Should Norfolk County Council reserves be used to help small businesses struggling to get credit?
A report this week suggested that public cash held in reserves at Norfolk County Council should be used to create a 'growth fund' to help fund small businesses in the county struggling to borrow from the banks.
The research, carried out by Norwich Business School on behalf of economic development partnership Shaping Norfolk's Future, found evidence that while banks were prepared to lend, particular sectors and types of business were facing significant challenges.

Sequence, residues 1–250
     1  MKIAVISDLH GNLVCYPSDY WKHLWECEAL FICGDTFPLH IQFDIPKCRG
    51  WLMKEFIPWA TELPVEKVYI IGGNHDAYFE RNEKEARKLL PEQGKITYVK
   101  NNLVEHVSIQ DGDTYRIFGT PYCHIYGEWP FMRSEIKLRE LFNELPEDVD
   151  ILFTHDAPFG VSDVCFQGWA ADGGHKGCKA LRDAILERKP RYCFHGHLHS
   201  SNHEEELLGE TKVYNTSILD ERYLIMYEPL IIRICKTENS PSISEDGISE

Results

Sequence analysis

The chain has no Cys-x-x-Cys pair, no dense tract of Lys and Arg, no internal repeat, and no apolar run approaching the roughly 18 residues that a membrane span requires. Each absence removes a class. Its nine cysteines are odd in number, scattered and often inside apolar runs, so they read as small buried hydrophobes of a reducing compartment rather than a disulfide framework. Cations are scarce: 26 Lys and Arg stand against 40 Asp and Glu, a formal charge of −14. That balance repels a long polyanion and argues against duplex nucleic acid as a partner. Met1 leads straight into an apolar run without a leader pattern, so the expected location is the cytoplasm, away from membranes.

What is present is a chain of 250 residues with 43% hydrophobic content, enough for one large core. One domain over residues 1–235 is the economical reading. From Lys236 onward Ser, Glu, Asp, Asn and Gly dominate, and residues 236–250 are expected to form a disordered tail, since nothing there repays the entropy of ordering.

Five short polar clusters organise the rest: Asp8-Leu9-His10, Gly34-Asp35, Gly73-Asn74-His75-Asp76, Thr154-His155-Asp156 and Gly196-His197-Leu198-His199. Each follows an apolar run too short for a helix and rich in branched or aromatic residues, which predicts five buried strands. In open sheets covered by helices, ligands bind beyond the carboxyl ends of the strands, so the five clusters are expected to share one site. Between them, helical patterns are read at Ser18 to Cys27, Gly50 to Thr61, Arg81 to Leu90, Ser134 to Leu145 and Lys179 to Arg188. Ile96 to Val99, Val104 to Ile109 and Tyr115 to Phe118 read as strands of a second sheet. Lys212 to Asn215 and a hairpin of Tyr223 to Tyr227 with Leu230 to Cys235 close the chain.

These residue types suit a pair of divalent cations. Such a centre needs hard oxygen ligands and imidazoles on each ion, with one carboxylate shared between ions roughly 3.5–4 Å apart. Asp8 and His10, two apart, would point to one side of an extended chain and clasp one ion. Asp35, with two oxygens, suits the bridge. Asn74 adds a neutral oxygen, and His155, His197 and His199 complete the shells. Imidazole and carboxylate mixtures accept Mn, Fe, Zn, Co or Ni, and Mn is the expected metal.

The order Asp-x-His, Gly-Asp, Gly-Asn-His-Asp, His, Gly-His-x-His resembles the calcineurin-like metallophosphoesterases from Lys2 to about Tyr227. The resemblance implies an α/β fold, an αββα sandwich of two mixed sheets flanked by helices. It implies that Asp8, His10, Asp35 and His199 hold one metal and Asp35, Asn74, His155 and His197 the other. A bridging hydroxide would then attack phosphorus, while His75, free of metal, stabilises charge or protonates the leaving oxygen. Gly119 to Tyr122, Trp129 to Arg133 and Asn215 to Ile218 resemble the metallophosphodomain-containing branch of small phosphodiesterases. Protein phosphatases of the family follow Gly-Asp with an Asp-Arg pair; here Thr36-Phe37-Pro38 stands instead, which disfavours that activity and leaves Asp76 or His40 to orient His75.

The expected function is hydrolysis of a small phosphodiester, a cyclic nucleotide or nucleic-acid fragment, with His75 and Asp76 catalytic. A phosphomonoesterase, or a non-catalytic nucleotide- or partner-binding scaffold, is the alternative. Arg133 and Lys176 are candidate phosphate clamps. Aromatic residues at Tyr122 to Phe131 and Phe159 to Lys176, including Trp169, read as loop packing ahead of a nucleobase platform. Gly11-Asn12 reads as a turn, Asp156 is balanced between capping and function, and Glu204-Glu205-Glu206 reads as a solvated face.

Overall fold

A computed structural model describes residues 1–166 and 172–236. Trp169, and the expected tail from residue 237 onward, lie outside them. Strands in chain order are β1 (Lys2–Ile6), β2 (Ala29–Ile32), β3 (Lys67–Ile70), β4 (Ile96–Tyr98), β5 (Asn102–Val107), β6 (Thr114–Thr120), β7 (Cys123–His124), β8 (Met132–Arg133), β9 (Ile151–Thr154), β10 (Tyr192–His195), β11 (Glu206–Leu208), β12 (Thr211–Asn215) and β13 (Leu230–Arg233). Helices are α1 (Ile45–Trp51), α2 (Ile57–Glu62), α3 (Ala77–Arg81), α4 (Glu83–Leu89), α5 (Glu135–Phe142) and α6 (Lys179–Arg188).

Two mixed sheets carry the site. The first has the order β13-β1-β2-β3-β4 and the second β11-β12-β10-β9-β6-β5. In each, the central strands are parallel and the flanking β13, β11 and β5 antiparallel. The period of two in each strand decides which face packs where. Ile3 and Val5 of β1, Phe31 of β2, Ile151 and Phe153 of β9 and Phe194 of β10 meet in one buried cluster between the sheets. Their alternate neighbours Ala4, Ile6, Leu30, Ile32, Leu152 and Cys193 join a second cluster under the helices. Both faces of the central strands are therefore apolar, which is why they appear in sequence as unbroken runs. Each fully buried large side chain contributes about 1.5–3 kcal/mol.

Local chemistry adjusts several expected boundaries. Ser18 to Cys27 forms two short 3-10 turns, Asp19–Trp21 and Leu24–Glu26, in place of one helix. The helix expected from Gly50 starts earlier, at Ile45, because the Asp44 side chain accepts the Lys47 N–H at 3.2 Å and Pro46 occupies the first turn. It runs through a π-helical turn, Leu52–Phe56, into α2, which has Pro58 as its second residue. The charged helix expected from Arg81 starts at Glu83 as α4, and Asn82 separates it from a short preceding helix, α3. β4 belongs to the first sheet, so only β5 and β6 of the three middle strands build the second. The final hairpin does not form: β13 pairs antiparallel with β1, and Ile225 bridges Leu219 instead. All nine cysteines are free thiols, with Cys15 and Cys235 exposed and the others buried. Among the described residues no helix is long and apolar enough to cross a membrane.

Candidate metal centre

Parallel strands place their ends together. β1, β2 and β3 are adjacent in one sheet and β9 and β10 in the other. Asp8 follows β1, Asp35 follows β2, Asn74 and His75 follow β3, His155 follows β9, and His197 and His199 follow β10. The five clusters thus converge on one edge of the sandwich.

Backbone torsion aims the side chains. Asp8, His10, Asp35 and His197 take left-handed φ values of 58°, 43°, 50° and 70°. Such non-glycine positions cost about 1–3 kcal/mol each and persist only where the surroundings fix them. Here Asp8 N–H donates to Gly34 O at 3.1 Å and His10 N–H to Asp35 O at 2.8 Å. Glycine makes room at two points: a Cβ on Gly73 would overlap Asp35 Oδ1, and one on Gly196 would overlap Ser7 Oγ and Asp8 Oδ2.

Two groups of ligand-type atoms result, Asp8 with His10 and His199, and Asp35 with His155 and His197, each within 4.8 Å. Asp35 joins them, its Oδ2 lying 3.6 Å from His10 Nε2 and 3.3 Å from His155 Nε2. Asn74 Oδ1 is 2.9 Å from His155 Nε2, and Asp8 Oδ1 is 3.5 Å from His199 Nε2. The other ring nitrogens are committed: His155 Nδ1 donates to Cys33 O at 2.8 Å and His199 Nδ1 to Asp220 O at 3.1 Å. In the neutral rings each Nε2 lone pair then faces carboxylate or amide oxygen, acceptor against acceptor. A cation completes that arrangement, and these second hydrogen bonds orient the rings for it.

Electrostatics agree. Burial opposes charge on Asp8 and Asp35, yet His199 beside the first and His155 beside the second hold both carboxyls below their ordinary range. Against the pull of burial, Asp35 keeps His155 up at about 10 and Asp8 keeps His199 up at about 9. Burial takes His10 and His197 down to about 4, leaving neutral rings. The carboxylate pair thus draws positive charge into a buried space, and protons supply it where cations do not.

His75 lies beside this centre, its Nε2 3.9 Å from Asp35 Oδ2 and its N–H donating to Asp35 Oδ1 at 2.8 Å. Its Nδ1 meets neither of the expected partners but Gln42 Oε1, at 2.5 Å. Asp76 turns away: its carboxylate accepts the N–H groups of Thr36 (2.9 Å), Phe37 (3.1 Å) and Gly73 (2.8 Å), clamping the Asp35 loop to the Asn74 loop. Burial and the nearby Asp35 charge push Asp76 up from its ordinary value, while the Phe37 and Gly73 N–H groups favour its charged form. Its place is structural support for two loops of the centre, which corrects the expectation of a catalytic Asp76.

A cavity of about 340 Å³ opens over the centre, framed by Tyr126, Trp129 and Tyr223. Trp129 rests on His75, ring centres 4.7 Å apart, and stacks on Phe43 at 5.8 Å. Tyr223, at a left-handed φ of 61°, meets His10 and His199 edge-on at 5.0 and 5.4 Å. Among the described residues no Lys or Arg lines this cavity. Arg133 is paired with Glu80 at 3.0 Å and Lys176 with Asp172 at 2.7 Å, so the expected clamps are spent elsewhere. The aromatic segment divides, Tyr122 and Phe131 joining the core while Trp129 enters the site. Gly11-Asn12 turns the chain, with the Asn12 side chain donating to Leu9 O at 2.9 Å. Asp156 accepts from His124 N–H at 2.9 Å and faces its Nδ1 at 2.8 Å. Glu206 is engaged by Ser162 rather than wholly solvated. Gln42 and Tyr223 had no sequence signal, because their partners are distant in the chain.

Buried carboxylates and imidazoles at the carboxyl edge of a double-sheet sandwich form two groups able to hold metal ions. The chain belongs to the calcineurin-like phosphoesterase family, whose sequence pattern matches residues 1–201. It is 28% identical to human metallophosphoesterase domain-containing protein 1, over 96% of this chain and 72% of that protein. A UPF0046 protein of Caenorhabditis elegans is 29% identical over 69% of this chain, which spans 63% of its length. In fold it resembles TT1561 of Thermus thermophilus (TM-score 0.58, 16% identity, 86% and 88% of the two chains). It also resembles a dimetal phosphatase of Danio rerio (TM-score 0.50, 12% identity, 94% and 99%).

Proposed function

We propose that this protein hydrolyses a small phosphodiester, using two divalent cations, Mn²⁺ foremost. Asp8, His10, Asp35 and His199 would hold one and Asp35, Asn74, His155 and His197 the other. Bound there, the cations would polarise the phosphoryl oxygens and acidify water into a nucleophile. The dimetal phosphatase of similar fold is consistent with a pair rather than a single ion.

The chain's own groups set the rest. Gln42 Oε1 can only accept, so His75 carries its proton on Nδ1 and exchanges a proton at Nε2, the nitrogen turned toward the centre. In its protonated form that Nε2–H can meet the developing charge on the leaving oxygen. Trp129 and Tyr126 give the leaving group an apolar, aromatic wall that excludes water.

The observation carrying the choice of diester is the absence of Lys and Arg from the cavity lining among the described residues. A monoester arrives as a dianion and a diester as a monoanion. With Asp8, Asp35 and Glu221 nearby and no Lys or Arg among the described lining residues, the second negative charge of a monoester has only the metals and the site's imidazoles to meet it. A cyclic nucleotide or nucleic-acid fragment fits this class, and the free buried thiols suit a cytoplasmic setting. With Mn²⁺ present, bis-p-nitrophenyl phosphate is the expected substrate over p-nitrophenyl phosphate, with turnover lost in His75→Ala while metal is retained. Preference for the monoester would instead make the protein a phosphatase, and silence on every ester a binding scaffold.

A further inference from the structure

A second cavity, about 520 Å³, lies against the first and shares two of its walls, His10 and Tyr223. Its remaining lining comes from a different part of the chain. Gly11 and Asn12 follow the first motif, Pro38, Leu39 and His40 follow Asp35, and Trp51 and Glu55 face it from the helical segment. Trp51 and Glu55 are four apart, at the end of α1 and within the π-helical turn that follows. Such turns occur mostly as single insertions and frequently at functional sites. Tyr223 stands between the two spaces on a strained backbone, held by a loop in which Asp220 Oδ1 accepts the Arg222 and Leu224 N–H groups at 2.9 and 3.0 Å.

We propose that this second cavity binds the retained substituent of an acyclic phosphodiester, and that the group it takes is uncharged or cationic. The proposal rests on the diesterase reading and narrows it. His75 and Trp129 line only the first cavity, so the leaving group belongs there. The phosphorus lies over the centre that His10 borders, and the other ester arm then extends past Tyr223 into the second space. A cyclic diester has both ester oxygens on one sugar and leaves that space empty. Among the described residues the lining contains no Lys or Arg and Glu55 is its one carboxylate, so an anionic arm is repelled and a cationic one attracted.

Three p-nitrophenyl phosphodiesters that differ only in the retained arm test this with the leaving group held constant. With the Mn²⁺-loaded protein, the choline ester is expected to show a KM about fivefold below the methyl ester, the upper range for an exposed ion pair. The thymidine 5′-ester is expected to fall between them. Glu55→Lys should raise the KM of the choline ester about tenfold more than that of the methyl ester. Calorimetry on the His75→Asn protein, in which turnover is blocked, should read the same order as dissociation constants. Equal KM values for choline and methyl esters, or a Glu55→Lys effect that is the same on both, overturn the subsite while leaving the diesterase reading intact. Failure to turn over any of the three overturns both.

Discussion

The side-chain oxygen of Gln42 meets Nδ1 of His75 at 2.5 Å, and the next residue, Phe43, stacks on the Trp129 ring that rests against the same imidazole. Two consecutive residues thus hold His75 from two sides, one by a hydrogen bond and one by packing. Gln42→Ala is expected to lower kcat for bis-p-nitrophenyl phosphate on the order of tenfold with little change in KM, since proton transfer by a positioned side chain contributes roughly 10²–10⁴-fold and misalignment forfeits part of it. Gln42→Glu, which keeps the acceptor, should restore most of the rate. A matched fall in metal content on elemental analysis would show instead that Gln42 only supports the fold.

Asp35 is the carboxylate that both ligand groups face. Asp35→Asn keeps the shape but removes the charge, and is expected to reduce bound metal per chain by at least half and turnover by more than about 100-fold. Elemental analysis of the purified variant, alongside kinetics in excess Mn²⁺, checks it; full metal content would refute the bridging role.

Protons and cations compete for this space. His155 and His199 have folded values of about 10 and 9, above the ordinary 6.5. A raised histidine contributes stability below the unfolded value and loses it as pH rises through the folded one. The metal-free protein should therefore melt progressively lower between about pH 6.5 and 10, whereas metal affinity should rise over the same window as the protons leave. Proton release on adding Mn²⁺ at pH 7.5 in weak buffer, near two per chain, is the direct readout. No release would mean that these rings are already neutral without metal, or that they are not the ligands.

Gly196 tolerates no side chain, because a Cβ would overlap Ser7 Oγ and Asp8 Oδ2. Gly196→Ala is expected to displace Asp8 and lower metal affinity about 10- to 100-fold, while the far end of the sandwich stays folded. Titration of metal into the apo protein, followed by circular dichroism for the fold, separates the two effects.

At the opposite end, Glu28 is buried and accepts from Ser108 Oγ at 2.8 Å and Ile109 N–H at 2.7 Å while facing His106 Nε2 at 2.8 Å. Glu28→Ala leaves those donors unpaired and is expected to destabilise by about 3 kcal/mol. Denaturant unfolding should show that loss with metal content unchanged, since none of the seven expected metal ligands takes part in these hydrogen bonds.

Many local firms were also shunning lenders because they believed they would be turned down.
The authority has previously offered support to its smaller contractors to help ride out the recession, but any plans for a 'Bank of Norfolk' fell by the wayside when a similar idea faltered in Essex.
And with the authority among those caught out in the Icelandic banking crisis, there appears to be little appetite for further financial wizardry among policymakers.
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But with County Hall already embarking on a cuts programme to fill a �155m funding black hole in the next three years, would the cash it does have in reserves be better spent helping Norfolk's firms kickstart growth, or assisting the frontline?
What do you think? Could such a scheme help your business?
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